Long-term care may include medical assistance, such as administering medication, ambulation assistance, or performing rehabilitation therapy.  But more typically it involves assistance with the activities of daily living, including personal hygiene, dressing, bathing, meal preparation, feeding, and travel to medical services. It often includes supervision, such as protecting a person from wandering away or inadvertently injuring themselves.


Elder abuse is a crime which is indiscriminate in choosing who it strikes. Factors such as one’s socio-economic status, gender, race, ethnicity, educational background and geographic location do not provide an impregnable barrier against its broad, horrible reach.

Elder abuse victims often live in silent desperation, unwilling to seek assistance because they unfortunately believe their cries for help will go unanswered and they fear retaliation from their abusers.  Many remain silent to protect abusive family members from the legal consequences of their crimes, or are too embarrassed to admit that they have fallen victim to predators. Others fear that no one will believe them — chalking up their allegations to the effects of old age.  Thus, it may take the courage of a caring family member, friend or caretaker to take action when the victim may be reluctant.

With your vigilance, care and cooperation, elder abuse can be stopped and its perpetrators arrested and prosecuted. In the past four years alone, social service and law enforcement resources have expanded dramatically to meet the growing need.

Help is available.

Mehta Law is experienced in litigating cases involving Skilled Nursing Facilities, Hospitals, Assisted Living Facilities, Physicians, Nurses and Ancillary Services ranging from medical negligence to complex allegations of Elder/Dependent Adult Abuse, Bill of Rights Violations and even Wrongful Death. We have litigated a variety of matters involving allegations of abuse against the elderly ranging from bedsores, infections, breaks/fractures and wrongful death.


  • Bed Sores
  • Bowel & Bladder Injuries
  • Burns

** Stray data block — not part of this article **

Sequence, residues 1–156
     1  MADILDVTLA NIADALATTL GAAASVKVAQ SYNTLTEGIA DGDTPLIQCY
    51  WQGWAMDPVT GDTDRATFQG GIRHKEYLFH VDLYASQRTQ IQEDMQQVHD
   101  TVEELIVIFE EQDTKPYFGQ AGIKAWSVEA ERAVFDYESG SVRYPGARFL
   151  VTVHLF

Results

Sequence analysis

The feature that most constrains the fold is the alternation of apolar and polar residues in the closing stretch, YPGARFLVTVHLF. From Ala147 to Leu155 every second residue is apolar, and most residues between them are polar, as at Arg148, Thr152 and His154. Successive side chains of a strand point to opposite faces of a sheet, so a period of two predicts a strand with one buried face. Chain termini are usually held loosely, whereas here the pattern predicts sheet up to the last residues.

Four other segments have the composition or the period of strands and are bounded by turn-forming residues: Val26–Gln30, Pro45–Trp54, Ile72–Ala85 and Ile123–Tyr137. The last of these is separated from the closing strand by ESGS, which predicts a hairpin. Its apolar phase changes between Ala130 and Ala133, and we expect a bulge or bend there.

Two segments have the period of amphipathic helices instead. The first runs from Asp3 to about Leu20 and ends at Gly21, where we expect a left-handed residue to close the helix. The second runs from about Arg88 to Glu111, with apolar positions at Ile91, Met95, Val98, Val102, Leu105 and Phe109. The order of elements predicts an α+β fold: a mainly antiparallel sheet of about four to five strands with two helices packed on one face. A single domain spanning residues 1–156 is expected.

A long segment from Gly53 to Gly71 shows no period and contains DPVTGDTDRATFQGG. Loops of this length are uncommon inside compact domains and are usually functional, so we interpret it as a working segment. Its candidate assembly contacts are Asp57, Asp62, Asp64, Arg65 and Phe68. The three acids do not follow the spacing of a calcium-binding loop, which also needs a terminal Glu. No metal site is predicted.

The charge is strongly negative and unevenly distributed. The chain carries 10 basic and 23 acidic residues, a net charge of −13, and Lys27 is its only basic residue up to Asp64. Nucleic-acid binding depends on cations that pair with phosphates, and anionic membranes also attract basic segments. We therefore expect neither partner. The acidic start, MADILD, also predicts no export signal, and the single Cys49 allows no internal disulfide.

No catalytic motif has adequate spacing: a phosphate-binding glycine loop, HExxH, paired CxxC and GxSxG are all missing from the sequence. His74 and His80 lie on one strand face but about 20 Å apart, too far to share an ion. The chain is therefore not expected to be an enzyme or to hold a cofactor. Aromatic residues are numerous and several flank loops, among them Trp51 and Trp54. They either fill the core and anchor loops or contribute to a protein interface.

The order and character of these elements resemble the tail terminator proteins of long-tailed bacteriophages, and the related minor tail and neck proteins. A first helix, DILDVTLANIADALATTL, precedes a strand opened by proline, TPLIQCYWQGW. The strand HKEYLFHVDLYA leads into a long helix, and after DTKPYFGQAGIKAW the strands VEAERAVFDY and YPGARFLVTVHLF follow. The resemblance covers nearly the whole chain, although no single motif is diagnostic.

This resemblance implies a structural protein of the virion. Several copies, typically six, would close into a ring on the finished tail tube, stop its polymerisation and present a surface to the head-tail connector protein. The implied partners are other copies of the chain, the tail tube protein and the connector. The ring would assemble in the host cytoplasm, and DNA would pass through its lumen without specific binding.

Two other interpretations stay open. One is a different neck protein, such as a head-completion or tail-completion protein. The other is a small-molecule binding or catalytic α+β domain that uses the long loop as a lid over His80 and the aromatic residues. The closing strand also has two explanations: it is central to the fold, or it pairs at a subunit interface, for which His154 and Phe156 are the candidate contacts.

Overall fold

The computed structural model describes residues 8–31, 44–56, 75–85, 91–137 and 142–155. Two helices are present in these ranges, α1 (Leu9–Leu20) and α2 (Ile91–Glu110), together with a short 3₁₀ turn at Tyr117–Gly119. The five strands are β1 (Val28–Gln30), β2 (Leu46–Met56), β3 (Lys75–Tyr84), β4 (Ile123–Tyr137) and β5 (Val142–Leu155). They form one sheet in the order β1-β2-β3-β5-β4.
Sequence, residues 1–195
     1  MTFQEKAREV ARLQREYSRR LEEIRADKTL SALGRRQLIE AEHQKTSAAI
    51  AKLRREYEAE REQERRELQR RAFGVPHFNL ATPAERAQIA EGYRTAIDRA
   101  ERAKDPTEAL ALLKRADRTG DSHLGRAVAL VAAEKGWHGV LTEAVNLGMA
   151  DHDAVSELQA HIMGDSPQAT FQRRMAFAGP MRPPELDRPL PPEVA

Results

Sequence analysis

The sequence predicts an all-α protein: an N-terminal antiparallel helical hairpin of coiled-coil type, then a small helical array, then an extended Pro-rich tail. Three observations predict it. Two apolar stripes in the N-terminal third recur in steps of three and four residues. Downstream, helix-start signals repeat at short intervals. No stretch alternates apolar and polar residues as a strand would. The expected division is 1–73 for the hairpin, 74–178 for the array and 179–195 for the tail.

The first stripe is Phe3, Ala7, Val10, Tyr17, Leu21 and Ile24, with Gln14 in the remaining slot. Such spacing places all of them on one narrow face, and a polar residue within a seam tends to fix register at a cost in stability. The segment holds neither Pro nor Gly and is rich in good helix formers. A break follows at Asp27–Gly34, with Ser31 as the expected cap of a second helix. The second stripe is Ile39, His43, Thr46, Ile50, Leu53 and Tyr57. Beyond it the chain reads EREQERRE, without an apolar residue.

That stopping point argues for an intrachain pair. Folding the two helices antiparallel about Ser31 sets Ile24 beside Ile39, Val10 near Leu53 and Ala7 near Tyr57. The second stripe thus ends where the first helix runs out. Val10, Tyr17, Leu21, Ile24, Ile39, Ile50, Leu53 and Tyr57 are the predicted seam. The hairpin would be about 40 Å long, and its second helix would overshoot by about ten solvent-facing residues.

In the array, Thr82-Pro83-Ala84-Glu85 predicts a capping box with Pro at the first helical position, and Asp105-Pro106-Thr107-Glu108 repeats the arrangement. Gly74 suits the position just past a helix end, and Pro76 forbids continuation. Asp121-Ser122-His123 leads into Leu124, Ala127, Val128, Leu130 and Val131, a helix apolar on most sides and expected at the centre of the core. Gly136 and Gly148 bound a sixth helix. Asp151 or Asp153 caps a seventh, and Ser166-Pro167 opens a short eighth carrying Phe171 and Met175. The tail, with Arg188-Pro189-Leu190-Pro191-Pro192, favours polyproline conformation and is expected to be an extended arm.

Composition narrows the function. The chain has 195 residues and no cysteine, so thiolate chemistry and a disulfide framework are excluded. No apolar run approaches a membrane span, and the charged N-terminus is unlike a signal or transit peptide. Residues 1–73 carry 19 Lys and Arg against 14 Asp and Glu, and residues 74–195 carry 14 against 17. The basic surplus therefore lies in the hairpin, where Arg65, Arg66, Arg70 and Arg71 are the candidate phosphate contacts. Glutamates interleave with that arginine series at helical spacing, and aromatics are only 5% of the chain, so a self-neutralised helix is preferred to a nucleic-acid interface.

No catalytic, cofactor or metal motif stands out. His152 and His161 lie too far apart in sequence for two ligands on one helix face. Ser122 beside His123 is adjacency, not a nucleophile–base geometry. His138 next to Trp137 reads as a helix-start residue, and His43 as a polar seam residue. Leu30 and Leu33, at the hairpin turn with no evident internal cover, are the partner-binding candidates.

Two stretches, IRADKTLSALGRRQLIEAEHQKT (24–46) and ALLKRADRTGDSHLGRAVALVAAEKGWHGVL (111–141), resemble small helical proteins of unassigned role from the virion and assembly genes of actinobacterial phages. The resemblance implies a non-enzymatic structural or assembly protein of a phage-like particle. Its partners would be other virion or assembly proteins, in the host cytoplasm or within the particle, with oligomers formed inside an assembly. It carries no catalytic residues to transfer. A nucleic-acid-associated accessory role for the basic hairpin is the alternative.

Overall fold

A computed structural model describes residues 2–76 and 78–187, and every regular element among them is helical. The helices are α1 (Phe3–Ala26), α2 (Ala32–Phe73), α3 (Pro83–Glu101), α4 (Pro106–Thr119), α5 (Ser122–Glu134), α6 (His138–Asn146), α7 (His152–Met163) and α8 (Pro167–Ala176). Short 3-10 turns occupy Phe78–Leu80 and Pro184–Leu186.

• Fractures
  • Health Care Fraud
  • Improper Restraints
  • Malnutrition & Dehydration
  • Mismanagement of Diabetes
  • Physical & Sexual Abuse
  • Repeated Falls
  • Untreated Infections
  • Wandering Off


Physical warning signs:

  • Call light is not functioning or is removed from resident’s reach
  • Development or worsening of pressure sores
  • Excessive weight loss
  • Unusual or recurring scratches, bruises, skin tears or welts
  • Bilateral bruising (bruises on opposite sides of the body)
  • “Wrap around” bruises (bruises that typically encircle the arm)
  • Torn, stained or bloody underclothing
  • Signs of excessive drugging
  • Foul smelling, uncombed or matted hair
  • Patches of hair missing or bleeding scalp
  • Injuries that are incompatible with explanations
  • Injuries caused by biting, cutting, pinching or twisting of limbs
  • Burns caused by scalding water, cigarettes or ropes
  • Any injuries that reflect an outline of an object, for example a belt, cord or hand

Behavioral warning signs:

  • Withdrawn
  •  Confused or extremely forgetful
  • Depressed
  • Helpless or angry
  • Hesitant to talk freely
  • Frightened
  • Secretive

Isolation warning signs:

Isolation of an elder is an insidious tool used by many abusers. Accomplished with the systematic exclusion of all real outside contact, the elder victim is eventually driven to distrust friends, doctors and even close family members. Ultimately, the elder victim becomes a pawn – manipulated into trusting only the abuser.

  • Family members or caregivers have isolated the elder, restricting the elder’s contact with others, including family, visitors, doctors, clergy or friends.
  • Elder is not given the opportunity to speak freely or have contact with others without the caregiver being present.

Financial abuse warning signs:

  • Disappearance of papers, checkbooks or legal documents.
  • Staff assisting residents with credit card purchases or ATM withdrawals.
  • Lack of amenities, such as appropriate clothing, grooming items, etc.
  • Bills unpaid despite availability of adequate financial resources.
  • Unusual activity in bank accounts, such as withdrawals from automatic teller machines when the person cannot get to the bank.
  • Provision of services that are not necessary or requested.
  • The appearance of a stranger who begins a close relationship and offers to manage the elder’s finances and assets.


Any person who suspects that abuse of an elder has occurred can and should report it. Known or suspected cases of abuse should be reported to the appropriate agencies in your area, such as the local Long-Term Care Ombudsman, your local law enforcement agency or the Bureau of Medi-Cal Fraud and Elder Abuse. You may also file a complaint with the appropriate state regulatory agency.

If the suspected abuse has occurred anywhere other than in a facility, reports should be made to the local county Adult Protective Services Agency or to local law enforcement.

When in doubt, err on the side of caution and report.


Together we can stop the abuse of your loved ones. It is absolutely imperative that you contact our firm right away as abuse can continue and often escalates if there is no intervention.

Your friend or family member’s assets, health, dignity and/or life may depend upon your courage to act.